The fate of education and the teaching shortage is directly tied to the substitute shortage experienced by school districts both locally and nationwide. According to the Learning Policy Institute, enrollment in teacher certification programs has dropped 75% in the last decade, and those numbers continue to plummet. Additionally approximately 40 % of California teachers are eligible for or moving toward retirement. There are the multiple well-known hurdles that make teaching less attractive as a profession: low pay, large classroom sizes, public/political scapegoating of teachers, student loan debt, lack of affordable housing/transportation, and the list goes on. Less and less people are attracted to teaching as a profession, which corresponds to less people attracted by the opportunity to serve as a substitute.
The Good Old Days
Before these numbers began to plunge, school districts had more than enough substitutes. They were easy to come by, as it was a popular means by which new graduates from teaching programs could get experience in a classroom and go on to be hired by a school district. School districts did not have to put any effort into attracting substitute teachers---the substitute teachers came to them.
That Was Then…This Is Now
Things have changed. Drastically. School districts can no longer sit back and wait for subs to come to them—they need to engage in active outreach in order to find potential substitutes. In the past decade, school districts have not come up with a way to adequately respond to the continuing substitute teacher shortage. The reason is twofold: 1) school districts simply lack the personnel, time, energy, and resources that would be needed to dedicate toward an effective recruitment effort throughout the year; 2) school districts don’t know where to look for new potential candidates. So nothing changes, and the shortage gets worse each year.
When There Is No Substitute To Cover A Class---What Does The School Have To Do?
When a substitute cannot be found, it causes a negative ripple-effect on a school district, from the top-down. It becomes a mad scramble to find coverage. This is usually when “panic mode” kicks in, to move the puzzle pieces of existing qualified personnel into place, in order to somehow have a classroom “legally” covered. This effort takes up a significant amount of time by the school site administrators, grade-level teaching teams, and principals to pitch in and find a temporary solution. If you are an administrator, teacher, support personnel, or principal--you know what this looks and feels like, and it’s an awful way to start the day.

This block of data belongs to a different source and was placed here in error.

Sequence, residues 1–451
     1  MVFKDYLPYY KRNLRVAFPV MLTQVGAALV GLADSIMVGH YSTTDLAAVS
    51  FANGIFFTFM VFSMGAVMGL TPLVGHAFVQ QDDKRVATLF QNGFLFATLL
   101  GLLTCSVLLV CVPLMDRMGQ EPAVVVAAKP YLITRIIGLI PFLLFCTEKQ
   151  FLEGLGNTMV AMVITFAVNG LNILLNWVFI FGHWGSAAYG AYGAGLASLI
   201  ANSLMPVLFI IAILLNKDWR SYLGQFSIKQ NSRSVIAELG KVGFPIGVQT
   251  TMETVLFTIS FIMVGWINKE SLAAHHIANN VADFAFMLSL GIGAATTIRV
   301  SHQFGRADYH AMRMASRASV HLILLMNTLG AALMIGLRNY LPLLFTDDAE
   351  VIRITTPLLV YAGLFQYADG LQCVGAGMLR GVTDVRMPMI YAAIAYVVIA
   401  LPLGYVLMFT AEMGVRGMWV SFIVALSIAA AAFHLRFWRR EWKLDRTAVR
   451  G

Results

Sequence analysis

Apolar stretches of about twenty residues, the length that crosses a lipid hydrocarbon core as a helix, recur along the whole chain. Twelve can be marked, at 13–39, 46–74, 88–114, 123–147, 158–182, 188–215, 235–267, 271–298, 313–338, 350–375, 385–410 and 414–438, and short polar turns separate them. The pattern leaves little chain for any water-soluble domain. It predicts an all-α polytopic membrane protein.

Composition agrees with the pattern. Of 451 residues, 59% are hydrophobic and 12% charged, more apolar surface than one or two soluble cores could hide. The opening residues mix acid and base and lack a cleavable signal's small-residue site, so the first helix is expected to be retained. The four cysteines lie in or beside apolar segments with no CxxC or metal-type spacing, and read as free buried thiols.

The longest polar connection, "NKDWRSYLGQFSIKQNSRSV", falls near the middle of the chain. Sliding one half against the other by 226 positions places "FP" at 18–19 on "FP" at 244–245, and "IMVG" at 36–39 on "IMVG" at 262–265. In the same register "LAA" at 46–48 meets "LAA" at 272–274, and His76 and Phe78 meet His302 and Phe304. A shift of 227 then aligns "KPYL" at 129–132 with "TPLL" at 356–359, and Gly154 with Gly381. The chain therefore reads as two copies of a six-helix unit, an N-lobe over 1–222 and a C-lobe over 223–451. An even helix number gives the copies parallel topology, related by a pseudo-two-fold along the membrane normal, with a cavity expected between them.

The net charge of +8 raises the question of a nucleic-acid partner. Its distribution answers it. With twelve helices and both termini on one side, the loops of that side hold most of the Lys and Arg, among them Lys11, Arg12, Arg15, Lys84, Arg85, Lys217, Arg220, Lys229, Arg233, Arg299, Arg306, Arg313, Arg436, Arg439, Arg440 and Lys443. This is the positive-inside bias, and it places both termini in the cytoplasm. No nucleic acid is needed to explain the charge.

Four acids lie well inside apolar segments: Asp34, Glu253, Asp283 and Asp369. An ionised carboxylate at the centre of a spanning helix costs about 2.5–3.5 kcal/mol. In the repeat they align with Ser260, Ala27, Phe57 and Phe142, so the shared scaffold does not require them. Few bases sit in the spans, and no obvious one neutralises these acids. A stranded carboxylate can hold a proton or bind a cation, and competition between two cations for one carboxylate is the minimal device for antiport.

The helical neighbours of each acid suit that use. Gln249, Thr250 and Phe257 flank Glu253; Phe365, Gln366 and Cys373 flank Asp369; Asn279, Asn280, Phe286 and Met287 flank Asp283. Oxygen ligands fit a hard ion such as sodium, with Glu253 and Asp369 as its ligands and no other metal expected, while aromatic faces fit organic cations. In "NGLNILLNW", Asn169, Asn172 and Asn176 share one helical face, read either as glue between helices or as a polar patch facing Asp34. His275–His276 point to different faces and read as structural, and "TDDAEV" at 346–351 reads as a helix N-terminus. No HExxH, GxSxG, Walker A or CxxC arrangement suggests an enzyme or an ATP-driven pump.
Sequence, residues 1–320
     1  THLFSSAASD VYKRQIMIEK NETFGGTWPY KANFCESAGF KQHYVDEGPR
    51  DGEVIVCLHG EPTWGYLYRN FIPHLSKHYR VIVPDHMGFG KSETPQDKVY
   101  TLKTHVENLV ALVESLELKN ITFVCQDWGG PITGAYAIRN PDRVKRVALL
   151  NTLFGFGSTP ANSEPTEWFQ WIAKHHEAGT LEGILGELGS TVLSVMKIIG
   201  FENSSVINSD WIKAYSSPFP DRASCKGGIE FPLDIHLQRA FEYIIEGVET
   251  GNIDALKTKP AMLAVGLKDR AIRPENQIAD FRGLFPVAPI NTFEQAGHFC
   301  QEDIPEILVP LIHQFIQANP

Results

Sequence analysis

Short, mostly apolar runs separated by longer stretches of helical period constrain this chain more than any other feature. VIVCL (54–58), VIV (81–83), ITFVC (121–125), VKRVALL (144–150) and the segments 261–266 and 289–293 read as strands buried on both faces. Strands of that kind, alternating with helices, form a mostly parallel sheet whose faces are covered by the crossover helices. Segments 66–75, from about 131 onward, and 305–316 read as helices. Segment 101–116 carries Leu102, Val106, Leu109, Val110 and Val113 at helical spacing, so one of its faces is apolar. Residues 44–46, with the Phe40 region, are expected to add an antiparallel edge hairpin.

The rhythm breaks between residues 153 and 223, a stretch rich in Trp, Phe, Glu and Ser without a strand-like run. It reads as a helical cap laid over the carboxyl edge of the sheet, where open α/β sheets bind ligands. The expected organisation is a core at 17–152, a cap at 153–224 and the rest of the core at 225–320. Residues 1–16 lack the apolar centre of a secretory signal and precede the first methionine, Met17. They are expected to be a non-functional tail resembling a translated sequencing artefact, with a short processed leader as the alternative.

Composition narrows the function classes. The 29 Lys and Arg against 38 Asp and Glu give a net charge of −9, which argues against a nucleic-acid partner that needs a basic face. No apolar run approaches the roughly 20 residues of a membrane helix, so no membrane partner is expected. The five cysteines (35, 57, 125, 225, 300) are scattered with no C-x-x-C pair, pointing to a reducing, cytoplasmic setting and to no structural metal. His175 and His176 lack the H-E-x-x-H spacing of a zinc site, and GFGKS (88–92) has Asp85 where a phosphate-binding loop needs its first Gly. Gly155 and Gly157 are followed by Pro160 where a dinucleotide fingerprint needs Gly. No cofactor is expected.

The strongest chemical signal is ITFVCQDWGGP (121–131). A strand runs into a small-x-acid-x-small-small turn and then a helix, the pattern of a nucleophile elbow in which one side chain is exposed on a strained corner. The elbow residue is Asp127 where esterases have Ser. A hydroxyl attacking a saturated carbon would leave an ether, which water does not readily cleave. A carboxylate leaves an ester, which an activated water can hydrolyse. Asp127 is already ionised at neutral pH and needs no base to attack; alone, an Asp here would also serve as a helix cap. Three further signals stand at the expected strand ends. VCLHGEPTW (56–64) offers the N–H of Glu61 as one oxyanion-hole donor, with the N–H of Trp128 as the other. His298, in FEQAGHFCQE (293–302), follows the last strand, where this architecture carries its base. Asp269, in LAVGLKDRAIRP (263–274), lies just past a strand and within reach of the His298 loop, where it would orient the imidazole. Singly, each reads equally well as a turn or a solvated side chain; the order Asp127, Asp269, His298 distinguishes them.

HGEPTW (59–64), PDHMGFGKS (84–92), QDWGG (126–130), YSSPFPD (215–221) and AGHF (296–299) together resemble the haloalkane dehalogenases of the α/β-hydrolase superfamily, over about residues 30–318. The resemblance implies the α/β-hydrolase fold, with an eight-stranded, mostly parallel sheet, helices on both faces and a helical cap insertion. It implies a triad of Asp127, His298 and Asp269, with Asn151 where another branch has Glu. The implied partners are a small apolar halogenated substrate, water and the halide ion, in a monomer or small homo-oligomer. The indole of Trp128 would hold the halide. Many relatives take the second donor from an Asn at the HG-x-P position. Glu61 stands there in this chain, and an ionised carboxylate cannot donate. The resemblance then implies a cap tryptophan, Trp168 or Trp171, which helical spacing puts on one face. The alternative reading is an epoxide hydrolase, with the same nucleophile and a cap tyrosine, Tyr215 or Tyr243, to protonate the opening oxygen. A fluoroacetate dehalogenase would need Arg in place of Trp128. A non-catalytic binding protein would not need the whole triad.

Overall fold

If a sub can’t be found to cover a classroom, schools must resort to a variety of desperate alternatives to legally cover a teacher’s absence.
These include, but aren’t limited to the following:
splitting students up into already crowded classrooms
having principals and counselors take over the classroom
pulling teachers out of their preparation periods
cancelling or pulling teachers from their scheduled professional development
cancelling or missing staff meetings
pulling learning support teachers
warehousing students in gymnasiums or multi-purpose rooms
pulling teachers from lunch, recess, hallway, and enrichment (i.e., lunch club) duties
New Legislation Impacting Statutory Leaves for Teachers
New legislation is putting another layer of strain on substitute coverage. Pursuant to AB 375, California law now permits up to 12 weeks of paid FMLA leave for certificated teachers. With the advent of this new law, teachers will understandably take more time to stay home with their new babies. School districts need enough qualified substitutes to fill these extended maternity leaves.
This Problem Has A Solution
The unfortunate fact is that this substitute shortage was preventable. School districts just didn’t know how to course-correct, to meet the challenges of an abrupt shift in the economy and its impact on supply.
But on a positive note--this substitute shortage can be fixed. There is no “one-size-fits-all” solution, as school sites and school districts vary in size, demographics, philosophy, and needs.
This is why SubWorksPro was created--to do for schools, what they cannot do for themselves--due to the lack of time, staff, and resources. SubWorksPro provides customized, “outside-of-the-box” recruitment efforts, and will train the substitutes to fit the academic needs and culture of the school.
Once that is done, it simply becomes of matter of “maintenance”, whereby SubWorksPro does periodic check-ups on the fill rates, the number of active substitutes within the pool, and continues micro-recruitment and training efforts to keep a constant supply of quality, well-trained subs, as other subs leave the pool for permanent jobs. The results are immediate, tangible, and will yield a constant, healthy supply of substitutes indefinitely. A substitute supply shortage can be a thing of the past.